According to Irish lore, Stingy Jack was a trickster so talented that he even fooled the devil.
When the devil came to claim Jack’s soul, Jack asked the devil to climb a tree and pick him an apple to serve as his last meal on earth. While the devil was up the tree, Jack encircled the trunk with crosses and would not allow the devil to exit without first promising to not carry him to hell.
When Jack died, St. Peter, of course, turned him away from heaven’s gates. The devil kept his word and instead of taking him to the underworld sent Jack off to roam the earth for eternity with only a glowing coal ember placed inside a carved-out turnip to light his way. He became known as Jack of the Lantern.
Throughout Europe, people carved their own lanterns out of turnips, potatoes and beets to keep Jack away on All Hallow’s Eve when the dead walk among us. It wasn’t until 19th century immigrants encountered pumpkins in America that the familiar orange orbs became a Halloween tradition.
But at Beekman 1802, we can find more things in the heirloom vegetable garden to an inspire us than a pumpkin.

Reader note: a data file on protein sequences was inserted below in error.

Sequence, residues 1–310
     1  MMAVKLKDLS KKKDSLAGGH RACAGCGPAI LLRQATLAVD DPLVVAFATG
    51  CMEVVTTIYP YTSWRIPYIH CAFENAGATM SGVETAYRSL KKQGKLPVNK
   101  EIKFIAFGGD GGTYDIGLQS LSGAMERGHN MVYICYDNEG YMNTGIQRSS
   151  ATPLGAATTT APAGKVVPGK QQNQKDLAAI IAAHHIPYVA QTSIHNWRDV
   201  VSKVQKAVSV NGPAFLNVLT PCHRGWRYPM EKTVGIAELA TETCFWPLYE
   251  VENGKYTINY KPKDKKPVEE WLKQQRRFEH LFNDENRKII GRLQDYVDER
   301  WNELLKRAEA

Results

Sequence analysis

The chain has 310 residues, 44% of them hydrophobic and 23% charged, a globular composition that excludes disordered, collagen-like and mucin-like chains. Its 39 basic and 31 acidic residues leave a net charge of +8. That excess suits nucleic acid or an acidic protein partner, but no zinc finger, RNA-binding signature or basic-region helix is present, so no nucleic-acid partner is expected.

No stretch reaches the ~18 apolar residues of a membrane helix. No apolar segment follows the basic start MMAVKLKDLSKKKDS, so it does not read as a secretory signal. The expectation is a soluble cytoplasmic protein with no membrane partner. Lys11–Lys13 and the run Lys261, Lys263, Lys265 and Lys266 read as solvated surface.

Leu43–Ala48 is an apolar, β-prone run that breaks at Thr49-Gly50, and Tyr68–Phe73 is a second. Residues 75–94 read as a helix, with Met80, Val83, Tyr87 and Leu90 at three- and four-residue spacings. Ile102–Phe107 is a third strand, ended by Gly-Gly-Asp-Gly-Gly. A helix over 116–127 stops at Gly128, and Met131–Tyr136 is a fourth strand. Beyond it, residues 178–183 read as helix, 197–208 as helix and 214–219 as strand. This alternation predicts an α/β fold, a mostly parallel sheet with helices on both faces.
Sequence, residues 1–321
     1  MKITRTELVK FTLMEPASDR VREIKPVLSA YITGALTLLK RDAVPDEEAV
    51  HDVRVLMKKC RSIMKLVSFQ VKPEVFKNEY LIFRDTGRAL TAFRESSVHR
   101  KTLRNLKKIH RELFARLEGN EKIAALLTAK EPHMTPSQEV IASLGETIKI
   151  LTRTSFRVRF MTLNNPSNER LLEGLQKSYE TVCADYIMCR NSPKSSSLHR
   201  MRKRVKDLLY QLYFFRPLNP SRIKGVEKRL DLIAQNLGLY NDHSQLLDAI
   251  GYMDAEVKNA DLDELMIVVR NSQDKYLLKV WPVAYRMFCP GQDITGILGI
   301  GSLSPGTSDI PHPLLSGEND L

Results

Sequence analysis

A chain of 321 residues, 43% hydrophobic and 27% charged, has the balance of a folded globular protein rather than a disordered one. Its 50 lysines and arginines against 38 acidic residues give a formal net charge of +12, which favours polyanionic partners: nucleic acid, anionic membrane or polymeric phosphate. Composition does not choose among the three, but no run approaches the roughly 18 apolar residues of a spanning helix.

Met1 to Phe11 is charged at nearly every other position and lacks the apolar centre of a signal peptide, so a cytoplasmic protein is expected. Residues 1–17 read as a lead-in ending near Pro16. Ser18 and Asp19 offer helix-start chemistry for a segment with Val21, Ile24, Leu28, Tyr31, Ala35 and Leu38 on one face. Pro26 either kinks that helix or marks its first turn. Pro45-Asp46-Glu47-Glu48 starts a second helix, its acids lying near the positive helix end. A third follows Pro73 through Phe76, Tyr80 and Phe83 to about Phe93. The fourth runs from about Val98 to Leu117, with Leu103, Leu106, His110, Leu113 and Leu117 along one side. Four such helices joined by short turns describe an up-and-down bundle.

This year, we chose to work with the parsnip to make an entire collection of ghostly ghouls.
Using small LED tealights, we sat our family of fiends in an old faux wood nut bowl.
We used an apple corer, a melon baller and a nut pick to carve out the bottom half of the parsnips, but coming up with something scary is very easy because of the natural shape and texture of the parsnip.
Other options: use vines or small twigs to make arms just perfect for reaching out and stealing a soul. For an even more dramatic effect, use a small diameter drill bit to drill a hole from the top of the parsnip all the way through to the bottom you hollowed out. Using a real candle will create a smokestack allowing smoke to billow out of the top of your ghostly apparition.
We think Jack would be proud.
Like your Halloween to be a bit prettier? See this idea for a beautiful pumpkin lantern.